Jenn and Dave arrived just about an hour after I did and I was never happier to see them. Big hugs and we chatted for a while. Both were here with family and staying at the hut. I was just up for the day. We had lunch and chatted about life and what we had been up to since they came to the house to climb Monadnock last November. Plans were in the works for a Franc Ridge traverse next month. The only thing left to do was to watch the weather. I spent an additional hour talking with everyone and just enjoying my time. I didn’t have to answer any questions about recent failures and setbacks and humiliations. There was just laughing and telling stories of hikes past as well as future planning. I was trying to wait for a third friend to arrive however, he was coming by way of Galehead and would probably be a few hours. I had to get going to get back to the car. Isis and I had another hike to do with my mother and needed to get home. We bid good bye to Jenn and Dave and their family members and made our way down from the hut.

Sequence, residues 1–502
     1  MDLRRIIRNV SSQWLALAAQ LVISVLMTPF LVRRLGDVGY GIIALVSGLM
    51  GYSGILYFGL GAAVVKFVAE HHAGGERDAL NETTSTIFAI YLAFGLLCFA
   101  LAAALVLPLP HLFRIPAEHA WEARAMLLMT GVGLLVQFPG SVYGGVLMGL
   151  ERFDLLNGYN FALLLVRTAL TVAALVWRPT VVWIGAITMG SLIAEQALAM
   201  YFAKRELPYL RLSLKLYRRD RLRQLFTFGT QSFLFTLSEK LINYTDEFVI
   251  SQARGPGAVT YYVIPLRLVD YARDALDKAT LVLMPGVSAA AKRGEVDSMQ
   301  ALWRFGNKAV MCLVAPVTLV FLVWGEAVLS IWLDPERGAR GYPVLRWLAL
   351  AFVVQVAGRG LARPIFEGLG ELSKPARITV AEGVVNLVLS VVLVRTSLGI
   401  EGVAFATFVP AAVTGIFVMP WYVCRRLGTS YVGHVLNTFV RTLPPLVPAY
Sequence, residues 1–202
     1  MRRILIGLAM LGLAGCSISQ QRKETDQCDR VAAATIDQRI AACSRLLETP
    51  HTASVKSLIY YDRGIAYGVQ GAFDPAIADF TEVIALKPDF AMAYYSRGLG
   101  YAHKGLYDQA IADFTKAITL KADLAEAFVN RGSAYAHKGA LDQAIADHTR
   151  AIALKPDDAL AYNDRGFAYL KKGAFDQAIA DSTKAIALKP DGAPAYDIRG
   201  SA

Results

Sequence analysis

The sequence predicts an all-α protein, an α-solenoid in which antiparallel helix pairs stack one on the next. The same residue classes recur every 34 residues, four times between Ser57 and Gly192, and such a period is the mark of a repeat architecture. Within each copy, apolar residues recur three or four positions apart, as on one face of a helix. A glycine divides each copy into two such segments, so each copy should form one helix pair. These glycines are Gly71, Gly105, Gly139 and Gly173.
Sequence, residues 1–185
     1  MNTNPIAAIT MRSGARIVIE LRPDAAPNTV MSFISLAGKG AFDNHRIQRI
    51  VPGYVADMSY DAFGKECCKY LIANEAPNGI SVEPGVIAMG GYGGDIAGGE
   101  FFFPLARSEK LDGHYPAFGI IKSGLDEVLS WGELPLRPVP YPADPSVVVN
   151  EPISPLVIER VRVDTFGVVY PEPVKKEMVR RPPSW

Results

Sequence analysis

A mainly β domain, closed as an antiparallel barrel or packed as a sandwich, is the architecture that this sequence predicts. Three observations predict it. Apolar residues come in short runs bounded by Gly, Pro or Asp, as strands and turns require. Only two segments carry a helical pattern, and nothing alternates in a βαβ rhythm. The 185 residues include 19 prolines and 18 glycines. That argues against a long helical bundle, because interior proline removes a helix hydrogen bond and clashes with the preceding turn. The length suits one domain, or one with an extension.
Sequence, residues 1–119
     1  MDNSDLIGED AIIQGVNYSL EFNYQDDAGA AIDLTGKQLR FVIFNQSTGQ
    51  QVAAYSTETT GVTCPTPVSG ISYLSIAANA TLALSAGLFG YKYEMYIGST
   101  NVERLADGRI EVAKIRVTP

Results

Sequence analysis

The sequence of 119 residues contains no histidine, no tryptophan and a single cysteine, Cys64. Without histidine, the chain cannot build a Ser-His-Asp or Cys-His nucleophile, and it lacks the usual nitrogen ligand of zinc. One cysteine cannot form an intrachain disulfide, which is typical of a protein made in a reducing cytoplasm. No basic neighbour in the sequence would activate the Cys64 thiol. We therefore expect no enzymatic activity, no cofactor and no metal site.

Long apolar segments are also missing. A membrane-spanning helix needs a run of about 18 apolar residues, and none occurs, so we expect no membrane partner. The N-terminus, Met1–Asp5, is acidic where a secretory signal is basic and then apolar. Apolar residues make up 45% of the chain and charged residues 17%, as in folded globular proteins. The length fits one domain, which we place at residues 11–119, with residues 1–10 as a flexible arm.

This section was an easy repeat for us. We made a stop at Zealand Falls and took in the views as well as a few other stops along the way. We caught up to the group of school kids who were on their way back to the trail head as well. I tried not to get caught up with them by saying that we had a ways to go still and needed to keep moving. We passed them all. It was a great day to be in the mountains and as we got back to the car, I had to smile. I felt peaceful here and if I could figure out a way to be here more often, I would. For now, I’d settle for my weekend getaways to take a break from the real world. I had some changes to make and hopefully those changes were already in process. In the meantime, Isis and I would continue to hike the peaks and count them towards our goals.